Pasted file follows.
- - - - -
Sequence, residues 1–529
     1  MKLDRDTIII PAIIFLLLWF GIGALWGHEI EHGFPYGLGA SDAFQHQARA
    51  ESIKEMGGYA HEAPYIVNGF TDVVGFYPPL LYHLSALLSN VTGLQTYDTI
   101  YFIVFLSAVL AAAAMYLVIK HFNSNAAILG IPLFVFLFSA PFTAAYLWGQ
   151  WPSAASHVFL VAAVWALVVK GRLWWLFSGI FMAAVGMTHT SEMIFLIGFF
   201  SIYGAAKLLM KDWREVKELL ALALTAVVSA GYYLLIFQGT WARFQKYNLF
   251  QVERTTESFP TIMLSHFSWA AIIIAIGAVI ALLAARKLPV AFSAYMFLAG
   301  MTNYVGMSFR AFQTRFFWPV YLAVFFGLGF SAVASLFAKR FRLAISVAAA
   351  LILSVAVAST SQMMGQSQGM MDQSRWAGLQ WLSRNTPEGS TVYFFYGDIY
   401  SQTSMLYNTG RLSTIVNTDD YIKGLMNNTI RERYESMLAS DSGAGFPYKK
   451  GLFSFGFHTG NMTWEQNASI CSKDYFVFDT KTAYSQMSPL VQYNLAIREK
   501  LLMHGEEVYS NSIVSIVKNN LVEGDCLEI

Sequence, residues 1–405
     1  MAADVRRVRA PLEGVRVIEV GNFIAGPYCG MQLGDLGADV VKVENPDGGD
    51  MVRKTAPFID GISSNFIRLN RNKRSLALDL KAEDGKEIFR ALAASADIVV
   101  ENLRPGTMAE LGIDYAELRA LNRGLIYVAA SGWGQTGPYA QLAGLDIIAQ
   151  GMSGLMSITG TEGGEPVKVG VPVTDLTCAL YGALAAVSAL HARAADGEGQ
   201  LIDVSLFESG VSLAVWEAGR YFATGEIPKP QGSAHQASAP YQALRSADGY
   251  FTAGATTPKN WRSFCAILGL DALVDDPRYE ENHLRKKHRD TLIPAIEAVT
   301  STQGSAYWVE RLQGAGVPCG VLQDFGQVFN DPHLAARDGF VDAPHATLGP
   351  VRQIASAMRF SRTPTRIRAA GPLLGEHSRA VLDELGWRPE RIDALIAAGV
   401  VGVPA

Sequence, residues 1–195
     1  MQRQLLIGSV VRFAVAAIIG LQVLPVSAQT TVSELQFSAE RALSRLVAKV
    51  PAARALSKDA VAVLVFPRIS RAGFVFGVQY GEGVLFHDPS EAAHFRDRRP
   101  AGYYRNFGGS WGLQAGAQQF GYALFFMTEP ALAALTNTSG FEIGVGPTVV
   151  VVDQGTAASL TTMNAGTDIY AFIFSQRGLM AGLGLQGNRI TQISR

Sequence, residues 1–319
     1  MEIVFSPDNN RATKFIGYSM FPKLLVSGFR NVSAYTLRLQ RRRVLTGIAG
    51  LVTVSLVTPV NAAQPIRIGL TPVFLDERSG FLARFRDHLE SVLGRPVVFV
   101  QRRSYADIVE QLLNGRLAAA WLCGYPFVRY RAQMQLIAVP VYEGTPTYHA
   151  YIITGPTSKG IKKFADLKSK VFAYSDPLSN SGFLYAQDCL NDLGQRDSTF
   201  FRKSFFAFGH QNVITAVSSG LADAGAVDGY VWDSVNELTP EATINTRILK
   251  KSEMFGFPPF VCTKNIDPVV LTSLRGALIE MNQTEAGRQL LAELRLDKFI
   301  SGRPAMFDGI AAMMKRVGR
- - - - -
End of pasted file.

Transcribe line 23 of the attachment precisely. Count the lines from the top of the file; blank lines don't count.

Sequence, residues 1–195